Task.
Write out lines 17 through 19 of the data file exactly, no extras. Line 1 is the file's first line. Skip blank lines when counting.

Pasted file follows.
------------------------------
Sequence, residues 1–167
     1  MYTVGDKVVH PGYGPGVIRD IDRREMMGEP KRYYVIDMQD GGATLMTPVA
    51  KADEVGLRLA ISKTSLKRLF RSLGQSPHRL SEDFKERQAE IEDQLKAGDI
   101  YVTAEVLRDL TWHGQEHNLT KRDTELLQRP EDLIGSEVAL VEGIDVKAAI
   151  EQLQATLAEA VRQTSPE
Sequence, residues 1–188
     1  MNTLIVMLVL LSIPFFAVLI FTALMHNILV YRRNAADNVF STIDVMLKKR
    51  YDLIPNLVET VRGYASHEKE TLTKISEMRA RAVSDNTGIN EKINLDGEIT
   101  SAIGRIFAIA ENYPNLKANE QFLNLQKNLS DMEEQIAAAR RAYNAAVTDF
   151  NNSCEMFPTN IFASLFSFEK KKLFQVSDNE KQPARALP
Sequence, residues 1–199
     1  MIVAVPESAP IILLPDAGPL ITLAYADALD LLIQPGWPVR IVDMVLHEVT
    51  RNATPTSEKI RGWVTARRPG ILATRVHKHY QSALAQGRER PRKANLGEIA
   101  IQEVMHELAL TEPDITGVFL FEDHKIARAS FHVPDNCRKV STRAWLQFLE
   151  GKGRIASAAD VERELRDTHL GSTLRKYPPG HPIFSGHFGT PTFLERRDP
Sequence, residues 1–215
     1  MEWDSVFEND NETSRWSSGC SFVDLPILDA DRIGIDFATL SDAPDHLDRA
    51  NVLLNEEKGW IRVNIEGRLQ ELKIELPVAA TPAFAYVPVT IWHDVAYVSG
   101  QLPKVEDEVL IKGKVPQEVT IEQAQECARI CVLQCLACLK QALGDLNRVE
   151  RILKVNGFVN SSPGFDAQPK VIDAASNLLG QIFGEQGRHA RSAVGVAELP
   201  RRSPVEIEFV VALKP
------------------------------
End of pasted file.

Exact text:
     1  MEWDSVFEND NETSRWSSGC SFVDLPILDA DRIGIDFATL SDAPDHLDRA
    51  NVLLNEEKGW IRVNIEGRLQ ELKIELPVAA TPAFAYVPVT IWHDVAYVSG
   101  QLPKVEDEVL IKGKVPQEVT IEQAQECARI CVLQCLACLK QALGDLNRVE